“If the numbers behind Groupon’s recent success with The Gap is any indicator, the answer is yes.” For reference, the partnership between the group-buying site and the national retailer completely smashed sales records for both entities with a simple digital coupon.
But group buying is most powerful when combined with sharing across social networks.
“The key,” continued Armano, “is that the group buying activity needs to be be present in your friends’ streams. Combine ‘likes’ with mass purchase behavior, and you’ve got the perfect storm of a signal that says, ‘Your friend got in on the deal, maybe you should too.’”
Transparency Is Still a Long Way Off
Part of the art of selling is the illusion that the company is doing what’s best for the consumer and not for their own bottom line.
We asked Jeremy Toeman, founding partner of San Francisco-based agency Stage Two if he thought online marketing has (or should have) more or less transparency in this regard than traditional marketing.
“This might sound odd,” he began, “but I actually think online marketing has less transparency than traditional does.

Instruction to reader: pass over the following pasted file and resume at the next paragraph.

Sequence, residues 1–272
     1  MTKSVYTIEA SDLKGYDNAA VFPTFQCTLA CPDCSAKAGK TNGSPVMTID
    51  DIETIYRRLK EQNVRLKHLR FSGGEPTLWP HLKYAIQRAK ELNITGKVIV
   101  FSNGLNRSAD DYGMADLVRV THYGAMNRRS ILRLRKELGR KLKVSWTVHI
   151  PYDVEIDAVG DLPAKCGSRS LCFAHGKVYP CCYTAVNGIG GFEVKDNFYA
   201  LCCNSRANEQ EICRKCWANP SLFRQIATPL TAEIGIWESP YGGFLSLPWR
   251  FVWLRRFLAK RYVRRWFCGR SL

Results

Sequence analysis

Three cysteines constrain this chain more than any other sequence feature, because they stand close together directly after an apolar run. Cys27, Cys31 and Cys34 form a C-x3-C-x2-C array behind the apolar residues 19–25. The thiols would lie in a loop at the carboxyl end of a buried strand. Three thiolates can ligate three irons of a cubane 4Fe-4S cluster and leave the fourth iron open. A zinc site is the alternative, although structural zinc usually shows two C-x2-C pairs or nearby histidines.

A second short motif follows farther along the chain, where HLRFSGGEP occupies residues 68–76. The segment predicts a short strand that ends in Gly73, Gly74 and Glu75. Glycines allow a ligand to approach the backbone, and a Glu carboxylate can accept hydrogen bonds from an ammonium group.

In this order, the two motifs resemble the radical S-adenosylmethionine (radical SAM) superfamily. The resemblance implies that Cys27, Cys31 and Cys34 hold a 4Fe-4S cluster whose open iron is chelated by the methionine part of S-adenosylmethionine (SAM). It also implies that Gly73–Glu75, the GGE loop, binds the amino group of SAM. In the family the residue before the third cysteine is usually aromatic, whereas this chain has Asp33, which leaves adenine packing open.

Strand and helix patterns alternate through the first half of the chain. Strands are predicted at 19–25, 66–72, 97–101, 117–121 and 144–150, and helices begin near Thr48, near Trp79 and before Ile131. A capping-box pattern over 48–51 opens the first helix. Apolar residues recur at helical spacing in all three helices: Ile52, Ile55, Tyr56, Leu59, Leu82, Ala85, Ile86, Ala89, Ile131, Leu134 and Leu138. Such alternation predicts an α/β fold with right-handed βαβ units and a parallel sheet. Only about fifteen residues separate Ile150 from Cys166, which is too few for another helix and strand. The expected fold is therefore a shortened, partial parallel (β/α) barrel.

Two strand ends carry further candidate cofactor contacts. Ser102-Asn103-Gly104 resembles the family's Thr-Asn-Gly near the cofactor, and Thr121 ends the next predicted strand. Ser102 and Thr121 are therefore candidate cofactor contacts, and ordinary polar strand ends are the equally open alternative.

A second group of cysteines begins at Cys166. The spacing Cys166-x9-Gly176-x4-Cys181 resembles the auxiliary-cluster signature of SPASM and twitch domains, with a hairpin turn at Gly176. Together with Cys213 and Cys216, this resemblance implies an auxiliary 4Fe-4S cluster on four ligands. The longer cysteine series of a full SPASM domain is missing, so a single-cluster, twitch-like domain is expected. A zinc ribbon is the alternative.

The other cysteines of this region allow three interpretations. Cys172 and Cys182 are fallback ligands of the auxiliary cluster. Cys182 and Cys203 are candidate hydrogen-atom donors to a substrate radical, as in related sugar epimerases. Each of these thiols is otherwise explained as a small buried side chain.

“In traditional marketing, your advertising was effectively blatant, from TV/radio/newspaper ad buys to junk mail to billboards on the side of the road. Online companies use tactics like SEO, spam/spam-blogs, pop-ups, text-link-ads, fake viral videos, etc.”
Steve Hall, creator and editor of industry blog Adrants, wrote in 2008 that most of the “viral” videos then (particularly the “guys backflip into jeans” clip that ended up being part of a Levi’s campaign) were, in fact, advertisements. And earlier this year, another tattoo-related fake viral video was discovered to be a marketing gimmick from Ray Ban. Fake virility isn’t limited to YouTube; often, we find commercial entities trying to “push” supposedly non-commercial content on platforms such as Digg, Facebook and Twitter.
Of course, consumers don’t figure it out… until they do. And they’re getting more savvy about fake transparency all the time.
Toeman believes brands and agencies should strive for more genuine methods of bringing an advertising message to consumers. “Personally,” he said, “I’d nix all the ‘hide the fact that this is an ad’ tactics completely and eliminate the methods of gaming systems.”
If you need more convincing that labeling ads as ads might be a good thing, consider Old Spice’s recent campaign. Pure creativity and Internet-culture awareness drove a YouTube campaign that was very clearly advertising; still, the company’s sales doubled as a result of the YouTube clips.
Location Campaigns Are the New Targeting Mechanism
In the past couple weeks, Foursquare took over Times Square and Facebook launched Places. Clearly, location-based services and related ad campaigns are going to become huge very shortly.